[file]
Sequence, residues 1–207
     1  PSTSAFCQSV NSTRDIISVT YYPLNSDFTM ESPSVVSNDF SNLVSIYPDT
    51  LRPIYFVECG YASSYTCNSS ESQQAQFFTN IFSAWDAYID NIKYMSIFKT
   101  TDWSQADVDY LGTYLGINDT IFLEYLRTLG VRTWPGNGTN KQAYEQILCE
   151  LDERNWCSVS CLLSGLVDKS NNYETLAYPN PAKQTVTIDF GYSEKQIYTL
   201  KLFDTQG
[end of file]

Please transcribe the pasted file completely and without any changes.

Sequence, residues 1–207
     1  PSTSAFCQSV NSTRDIISVT YYPLNSDFTM ESPSVVSNDF SNLVSIYPDT
    51  LRPIYFVECG YASSYTCNSS ESQQAQFFTN IFSAWDAYID NIKYMSIFKT
   101  TDWSQADVDY LGTYLGINDT IFLEYLRTLG VRTWPGNGTN KQAYEQILCE
   151  LDERNWCSVS CLLSGLVDKS NNYETLAYPN PAKQTVTIDF GYSEKQIYTL
   201  KLFDTQG